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The Book of the Week is “Sandstorm, Libya in the Time of Revolution” by Lindsey Hilsum, published in 2012.
Just prior to WWI, Libya was colonized by Italy in three sections, when the Ottoman Empire was in its death throes. Pursuant to where they live in Libya, various rivalrous tribes exhibit traits of the Middle East and Europe, or Africa. The country is located on the continent of Africa, but has major trade routes that go to the Middle East. Its population is about six million, and oil and gas supports its economy. Many of its people go overseas to attend university.
Beginning in 1959, big-name Italian, British and American companies negotiated agreements that allowed them access to newly discovered fossil fuels, and military training and weapons-testing grounds in the desert in Libya. In September 1969, Muammar Gaddafi became the new leader. He continued to impose one political-party rule (in place since 1952) and instituted one religion (Muslim). He punished political dissidents more harshly than Libya’s previous autocrat, King Idriss. But he made Libyans proud to be Arab. He took a swipe at the British by banning the English language in his country.
By the early 1970’s, Gaddafi’s actions were prompting brain drain and capital flight. His nation did need water, but he could have acquired it much less expensively and with a lot less trouble than he did. “It was one of man’s extravagant dreams, come true because no one dared counter him and too many were profiting from his grandiose visions.” In 1982, Gaddafi formed a political group that was allegedly going to fight against Imperialism, Zionism, Racism, Reactionism and Fascism.
As is par for the course for men such as Gaddafi, his enemies (such as the CIA and the king of Morocco) plotted assassination attempts against him. Smuggling guns and grenades into Tripoli and Benghazi were for nought, as the 1984 plotters were discovered and were killed. Through the last few decades of the twentieth century, the United States vacillated between allying with Qaddafi, and railing against him.
The Reagan administration railed against him. Qaddafi was strongly suspected to be the mastermind of the December 1988 terrorist bombing of Pan Am flight 103. That turned out to be a major historical incident that had worldwide repercussions. However, the tide turned through the 1990’s. George W. Bush wooed Qaddafi.
By the single-digit 2000’s in Libya, nepotism and tribalism had become crucial to survival. Families are comprised of multi-generational networks with tens of people on every level of the family tree. Disaffected, jobless young males became jihadists in Iraq, killing Americans in suicide bombings, as the terrorists had been brainwashed into expressing extreme hatred for the West.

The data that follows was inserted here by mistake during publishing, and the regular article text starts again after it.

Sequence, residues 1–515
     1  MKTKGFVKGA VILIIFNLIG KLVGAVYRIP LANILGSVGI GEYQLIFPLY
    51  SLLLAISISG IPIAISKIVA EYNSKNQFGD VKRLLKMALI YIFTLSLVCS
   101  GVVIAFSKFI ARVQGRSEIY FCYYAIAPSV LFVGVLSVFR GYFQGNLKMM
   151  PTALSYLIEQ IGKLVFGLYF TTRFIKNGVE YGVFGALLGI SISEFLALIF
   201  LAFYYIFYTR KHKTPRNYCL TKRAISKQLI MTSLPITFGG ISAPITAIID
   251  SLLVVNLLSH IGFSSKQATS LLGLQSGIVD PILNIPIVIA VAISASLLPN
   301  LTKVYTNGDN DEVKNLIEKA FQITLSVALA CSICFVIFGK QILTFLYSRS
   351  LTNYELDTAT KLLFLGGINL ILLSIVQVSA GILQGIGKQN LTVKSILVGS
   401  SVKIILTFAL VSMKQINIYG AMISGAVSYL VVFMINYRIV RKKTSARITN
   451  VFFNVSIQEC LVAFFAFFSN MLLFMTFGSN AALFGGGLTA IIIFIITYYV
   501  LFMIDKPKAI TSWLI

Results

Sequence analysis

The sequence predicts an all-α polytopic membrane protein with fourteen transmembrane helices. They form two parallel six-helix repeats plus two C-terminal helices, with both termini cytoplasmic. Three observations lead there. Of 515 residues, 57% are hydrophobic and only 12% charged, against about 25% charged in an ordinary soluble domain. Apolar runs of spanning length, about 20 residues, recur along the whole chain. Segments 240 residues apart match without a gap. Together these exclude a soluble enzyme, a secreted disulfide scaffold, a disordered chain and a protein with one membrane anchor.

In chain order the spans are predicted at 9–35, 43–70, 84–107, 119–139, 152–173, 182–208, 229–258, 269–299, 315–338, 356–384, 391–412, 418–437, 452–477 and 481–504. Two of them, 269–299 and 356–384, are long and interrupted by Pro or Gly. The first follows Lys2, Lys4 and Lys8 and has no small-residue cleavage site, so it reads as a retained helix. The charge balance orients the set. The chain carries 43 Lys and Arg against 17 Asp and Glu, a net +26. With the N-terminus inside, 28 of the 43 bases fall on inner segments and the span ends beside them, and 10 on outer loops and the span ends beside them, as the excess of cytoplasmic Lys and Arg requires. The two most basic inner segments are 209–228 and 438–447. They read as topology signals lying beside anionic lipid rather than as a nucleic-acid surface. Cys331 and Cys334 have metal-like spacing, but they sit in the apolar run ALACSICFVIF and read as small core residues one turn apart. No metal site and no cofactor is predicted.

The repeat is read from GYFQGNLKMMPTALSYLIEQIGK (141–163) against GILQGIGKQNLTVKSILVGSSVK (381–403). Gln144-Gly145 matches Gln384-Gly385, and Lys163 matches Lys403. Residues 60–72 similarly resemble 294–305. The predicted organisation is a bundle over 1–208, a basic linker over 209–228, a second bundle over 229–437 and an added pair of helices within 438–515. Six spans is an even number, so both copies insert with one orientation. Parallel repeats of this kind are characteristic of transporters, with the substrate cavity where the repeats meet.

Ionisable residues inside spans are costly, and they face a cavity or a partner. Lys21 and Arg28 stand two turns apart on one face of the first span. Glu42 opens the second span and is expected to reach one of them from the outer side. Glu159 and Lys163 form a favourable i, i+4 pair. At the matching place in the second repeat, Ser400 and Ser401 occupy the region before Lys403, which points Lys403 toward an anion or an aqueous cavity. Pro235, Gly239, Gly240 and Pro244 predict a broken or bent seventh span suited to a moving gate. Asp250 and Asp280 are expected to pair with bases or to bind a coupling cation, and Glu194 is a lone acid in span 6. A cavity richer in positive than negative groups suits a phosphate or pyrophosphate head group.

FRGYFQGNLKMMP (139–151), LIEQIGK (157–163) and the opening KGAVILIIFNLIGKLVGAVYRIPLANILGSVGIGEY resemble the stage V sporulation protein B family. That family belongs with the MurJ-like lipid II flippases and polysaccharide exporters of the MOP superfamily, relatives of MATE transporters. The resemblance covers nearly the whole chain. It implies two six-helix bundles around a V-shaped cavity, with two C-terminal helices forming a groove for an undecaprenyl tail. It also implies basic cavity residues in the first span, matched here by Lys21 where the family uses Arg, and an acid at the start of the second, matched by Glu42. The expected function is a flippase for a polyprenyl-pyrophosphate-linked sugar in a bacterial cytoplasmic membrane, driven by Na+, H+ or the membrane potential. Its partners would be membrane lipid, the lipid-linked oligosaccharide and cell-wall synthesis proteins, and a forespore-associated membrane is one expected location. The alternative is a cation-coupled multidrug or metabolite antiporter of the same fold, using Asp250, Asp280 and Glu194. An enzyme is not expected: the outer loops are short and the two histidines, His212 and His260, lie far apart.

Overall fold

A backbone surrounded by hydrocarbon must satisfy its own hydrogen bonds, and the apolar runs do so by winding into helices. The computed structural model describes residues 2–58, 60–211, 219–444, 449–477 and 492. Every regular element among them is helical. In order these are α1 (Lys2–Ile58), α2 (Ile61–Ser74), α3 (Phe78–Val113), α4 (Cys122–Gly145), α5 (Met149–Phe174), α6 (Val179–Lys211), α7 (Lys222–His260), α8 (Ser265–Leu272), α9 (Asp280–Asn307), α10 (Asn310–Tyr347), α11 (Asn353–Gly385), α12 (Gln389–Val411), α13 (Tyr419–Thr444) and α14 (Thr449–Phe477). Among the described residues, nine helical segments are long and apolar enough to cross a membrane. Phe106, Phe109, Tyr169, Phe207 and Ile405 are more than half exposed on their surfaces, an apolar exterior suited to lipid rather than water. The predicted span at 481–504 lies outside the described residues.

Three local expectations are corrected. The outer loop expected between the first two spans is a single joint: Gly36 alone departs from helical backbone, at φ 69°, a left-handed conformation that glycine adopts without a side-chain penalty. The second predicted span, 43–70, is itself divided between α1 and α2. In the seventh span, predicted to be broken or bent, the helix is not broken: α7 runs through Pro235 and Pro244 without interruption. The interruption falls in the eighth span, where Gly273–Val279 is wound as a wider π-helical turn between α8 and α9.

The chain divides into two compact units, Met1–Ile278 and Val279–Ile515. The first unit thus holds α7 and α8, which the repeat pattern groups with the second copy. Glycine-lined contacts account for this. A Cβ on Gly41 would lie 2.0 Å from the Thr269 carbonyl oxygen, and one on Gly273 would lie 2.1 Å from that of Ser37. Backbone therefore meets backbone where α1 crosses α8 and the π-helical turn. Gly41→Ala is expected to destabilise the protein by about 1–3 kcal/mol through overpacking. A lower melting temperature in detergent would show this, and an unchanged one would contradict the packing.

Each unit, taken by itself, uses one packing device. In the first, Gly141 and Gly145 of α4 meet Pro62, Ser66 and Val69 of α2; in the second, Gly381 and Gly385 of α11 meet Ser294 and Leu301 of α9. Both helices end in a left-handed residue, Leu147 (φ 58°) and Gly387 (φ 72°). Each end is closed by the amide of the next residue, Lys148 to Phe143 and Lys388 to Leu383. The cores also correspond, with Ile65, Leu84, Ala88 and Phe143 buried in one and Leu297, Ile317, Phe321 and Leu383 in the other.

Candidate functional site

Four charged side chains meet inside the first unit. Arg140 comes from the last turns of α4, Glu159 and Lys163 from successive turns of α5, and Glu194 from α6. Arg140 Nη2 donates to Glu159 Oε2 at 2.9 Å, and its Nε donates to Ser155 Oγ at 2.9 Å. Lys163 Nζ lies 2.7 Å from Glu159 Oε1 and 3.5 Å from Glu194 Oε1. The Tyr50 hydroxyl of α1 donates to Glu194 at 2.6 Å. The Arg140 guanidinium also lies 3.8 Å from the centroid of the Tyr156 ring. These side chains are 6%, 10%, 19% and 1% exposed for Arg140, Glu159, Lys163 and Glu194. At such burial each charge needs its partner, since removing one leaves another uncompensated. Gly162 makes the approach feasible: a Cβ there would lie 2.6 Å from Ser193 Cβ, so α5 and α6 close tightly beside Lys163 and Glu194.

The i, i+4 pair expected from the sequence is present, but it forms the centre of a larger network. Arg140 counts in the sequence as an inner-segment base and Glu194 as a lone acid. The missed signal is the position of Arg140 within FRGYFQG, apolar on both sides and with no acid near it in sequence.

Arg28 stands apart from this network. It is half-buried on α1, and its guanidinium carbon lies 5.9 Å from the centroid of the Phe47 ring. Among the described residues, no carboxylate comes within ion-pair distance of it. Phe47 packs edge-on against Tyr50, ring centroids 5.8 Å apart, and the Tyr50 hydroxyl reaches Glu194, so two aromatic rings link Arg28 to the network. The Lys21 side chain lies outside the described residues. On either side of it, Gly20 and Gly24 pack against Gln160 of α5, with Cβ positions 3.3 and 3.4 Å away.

Nevertheless, after 9/11, various nations such as Russia, Turkey and China were drooling over the money to be made in Libya in banking, accounting, construction, hotels, shipping, and of course, oil. But the U.S. held back (Bush was very conflicted) due to its complicated relationship with Israel.
As is well known, in February 2011, ordinary Libyans jumped on the “Arab Spring” bandwagon after Tunisia and Egypt. They used the worldwide forum of social media to publicly express their displeasure with their leader. Also, protesters personally gathered in Benghazi and Tobruk, and then farther east.
Gaddafi, distrustful of his own military, hired mercenaries from Algeria, Niger, Mali, Morocco and Burkina Faso to violently disperse crowds of youths standing around shouting slogans, as Internet access became unreliable. Gaddafi’s own military, angry at his disloyalty, turned against him. In Tripoli, attorneys formed a group to publicize human rights abuses, represent political prisoners, and start an underground resistance movement. Through the four decades Gaddafi stayed in power, he knew how to exploit discontent: bribing Muslims to build mosques and go on pilgrimages to Mecca.
Read the book to learn many more details about Gaddafi’s reign, including those relating to: shenanigans of his son Seif, and Bahrain, Qatar and Iran (hint: Everyone knew the UN arms embargo that applied to fighters on both sides was a joke.); his Green Book, Stalin-style purges, oil-industry machinations, propaganda campaigns and governmental policies; his contradictory stance on his nation’s female citizens; his providing of military training and arming of certain groups; and the reaction of certain countries of the world at his downfall.